11) Wrap Your House  Are you working on a large-scale addition or a project that requires removal or relocation of exterior walls? A high-quality house wrap, applied to the outside of exterior walls prior to siding installation, will keep your home cool and reduce your energy bills.

12) Install a Whole-House Fan  It uses a fraction of the electricity of a full-blown air-conditioning system. It’s best suited for areas with hot summer days coupled with cool nights, such as the Pacific Northwest. All night, the fan pulls in outside air to cool the house. Many whole-house fans can be programmed to shut off during the warmest hours of the day.

13) Shop Smart  Room air-conditioners are notorious energy hogs. To minimize the cost, choose an Energy Star-rated window unit properly sized for the room you wish to cool. Energy Star-qualified room air-conditioners use at least 10 percent less energy than conventional models.

14) Get Swamped  Swamp coolers are popular in the Southwest because they add a comfortable level of humidity to dry air, are relatively inexpensive, use a quarter as much electricity as a standard unit, and they are easy to maintain. On the inside, water-soaked pads frame the unit. A fan blows hot outside air through the wet pads, cooling the air by about 20 degrees Fahrenheit as the water molecules evaporate. The cooled air is then blown into the house through a vent.

15) Go Geothermal  Planning to stay in your house for 10 or more years? Install a geothermal system. It harnesses the earth’s natural thermal energy via buried pipes filled with a liquid similar to antifreeze. During the summer, it pulls out warm air and dissipates it through the pipes. During the winter, it works in reverse, bringing the earth’s warmth to your house. According to the U.S. Environmental Protection Agency, geothermal systems save homeowners 20-50 percent in cooling costs and 30-70 percent in heating costs compared with conventional systems.

Tax Benefits of Home Ownership Are Almost Too Good to Be True: Uncle Sam helps you in three ways when you own your home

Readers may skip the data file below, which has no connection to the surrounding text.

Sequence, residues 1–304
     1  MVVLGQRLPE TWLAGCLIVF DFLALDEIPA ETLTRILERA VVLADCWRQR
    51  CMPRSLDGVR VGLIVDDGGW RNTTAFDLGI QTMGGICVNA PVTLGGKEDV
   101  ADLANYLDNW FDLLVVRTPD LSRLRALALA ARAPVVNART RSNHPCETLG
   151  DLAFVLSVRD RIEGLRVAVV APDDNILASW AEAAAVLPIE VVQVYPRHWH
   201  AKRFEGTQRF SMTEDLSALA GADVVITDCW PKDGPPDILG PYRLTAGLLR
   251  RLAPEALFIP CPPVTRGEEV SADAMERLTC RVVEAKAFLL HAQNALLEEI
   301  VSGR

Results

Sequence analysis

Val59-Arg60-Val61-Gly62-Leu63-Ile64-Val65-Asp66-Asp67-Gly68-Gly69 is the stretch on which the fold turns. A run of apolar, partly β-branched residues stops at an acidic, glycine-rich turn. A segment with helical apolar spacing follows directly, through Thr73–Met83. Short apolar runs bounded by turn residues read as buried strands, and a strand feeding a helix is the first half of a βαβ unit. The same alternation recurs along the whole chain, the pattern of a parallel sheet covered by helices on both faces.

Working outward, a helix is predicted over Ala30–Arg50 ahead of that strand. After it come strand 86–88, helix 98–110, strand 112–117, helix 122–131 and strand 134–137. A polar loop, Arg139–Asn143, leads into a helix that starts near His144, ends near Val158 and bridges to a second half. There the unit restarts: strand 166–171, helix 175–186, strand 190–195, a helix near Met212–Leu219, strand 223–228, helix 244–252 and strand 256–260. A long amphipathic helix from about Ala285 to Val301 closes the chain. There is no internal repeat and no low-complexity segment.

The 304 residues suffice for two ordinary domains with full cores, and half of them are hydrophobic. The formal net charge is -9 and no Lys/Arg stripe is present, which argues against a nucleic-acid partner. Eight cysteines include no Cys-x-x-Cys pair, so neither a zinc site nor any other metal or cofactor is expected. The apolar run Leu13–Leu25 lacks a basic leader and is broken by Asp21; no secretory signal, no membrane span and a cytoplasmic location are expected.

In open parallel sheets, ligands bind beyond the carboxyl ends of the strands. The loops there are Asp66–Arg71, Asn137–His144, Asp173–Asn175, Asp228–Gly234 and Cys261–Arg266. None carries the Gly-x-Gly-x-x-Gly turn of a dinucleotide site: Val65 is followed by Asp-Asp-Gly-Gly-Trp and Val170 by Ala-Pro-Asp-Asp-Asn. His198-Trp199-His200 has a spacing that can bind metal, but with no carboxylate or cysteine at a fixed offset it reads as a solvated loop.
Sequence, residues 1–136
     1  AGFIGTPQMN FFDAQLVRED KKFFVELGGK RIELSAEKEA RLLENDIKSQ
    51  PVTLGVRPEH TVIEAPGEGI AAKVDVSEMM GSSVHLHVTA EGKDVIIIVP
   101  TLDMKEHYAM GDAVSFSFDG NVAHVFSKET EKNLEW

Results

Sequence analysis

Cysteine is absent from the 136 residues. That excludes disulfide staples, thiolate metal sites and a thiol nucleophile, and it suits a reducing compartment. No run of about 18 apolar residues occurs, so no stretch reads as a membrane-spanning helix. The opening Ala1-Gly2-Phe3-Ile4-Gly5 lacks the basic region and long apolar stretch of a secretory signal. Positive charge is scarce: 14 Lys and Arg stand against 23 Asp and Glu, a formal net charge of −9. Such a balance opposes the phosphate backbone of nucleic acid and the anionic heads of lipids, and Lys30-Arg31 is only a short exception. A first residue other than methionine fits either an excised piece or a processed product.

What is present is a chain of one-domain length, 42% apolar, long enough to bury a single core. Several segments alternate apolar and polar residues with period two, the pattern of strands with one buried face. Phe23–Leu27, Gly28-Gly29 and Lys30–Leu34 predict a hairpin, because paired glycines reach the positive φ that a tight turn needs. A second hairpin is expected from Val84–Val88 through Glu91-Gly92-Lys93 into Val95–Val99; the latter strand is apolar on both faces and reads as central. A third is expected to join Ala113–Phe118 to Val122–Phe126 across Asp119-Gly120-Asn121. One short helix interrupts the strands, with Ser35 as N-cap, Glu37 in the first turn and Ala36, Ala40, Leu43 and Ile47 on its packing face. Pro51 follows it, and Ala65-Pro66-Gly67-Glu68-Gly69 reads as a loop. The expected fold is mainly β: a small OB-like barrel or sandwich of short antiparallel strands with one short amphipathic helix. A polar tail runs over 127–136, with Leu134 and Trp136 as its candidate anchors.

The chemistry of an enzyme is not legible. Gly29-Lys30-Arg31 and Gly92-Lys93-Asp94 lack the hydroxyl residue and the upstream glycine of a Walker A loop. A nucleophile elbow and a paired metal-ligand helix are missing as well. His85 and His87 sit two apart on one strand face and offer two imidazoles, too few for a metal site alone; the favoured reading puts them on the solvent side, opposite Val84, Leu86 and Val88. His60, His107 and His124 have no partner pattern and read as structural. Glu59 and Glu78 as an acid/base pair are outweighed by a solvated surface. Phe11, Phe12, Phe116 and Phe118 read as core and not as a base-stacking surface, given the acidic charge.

They say there are only two things you can count on in this world: death and taxes. But when it comes to owning a home, it appears there may be a third. And that is the favorable treatment of home ownership by the Internal Revenue Service.

1. The purchase

When buying your own home, most of the expenses are not tax deductible. But there is one exception that is worth finding.

The IRS says you can deduct interest in the year that it is paid, and that is usually part of each monthly loan payment. In addition, if the day you purchase is on any day other than the first of the month, you will likely pay a charge for “daily interest” between the day of closing and the end of the month. Look on line 901 of your HUD settlement statement.

Much more importantly, the IRS says that, in most cases, loan discount points and origination fees are tax deductible to the buyer, regardless of who pays them. Look at lines 801 and 802 of your settlement statement and see if you hit the jackpot. This is a particularly unusual deduction because you get the benefit even if the seller paid your closing costs. And because origination fees of 1% and more are common, this can amount to a lot of cash.

2. Mortgage interest

In general, you can deduct interest charged on a loan used to acquire or improve your principal residence in the year that it is paid. In the early years of a loan, most of your monthly payment is interest, so this can really add up. If you are in a 28% federal tax bracket, this can have the effect of lowering your borrowing costs by almost a third, depending on which state you live in. This is truly nothing more than a subsidy to home owners, and it’s a very popular deduction.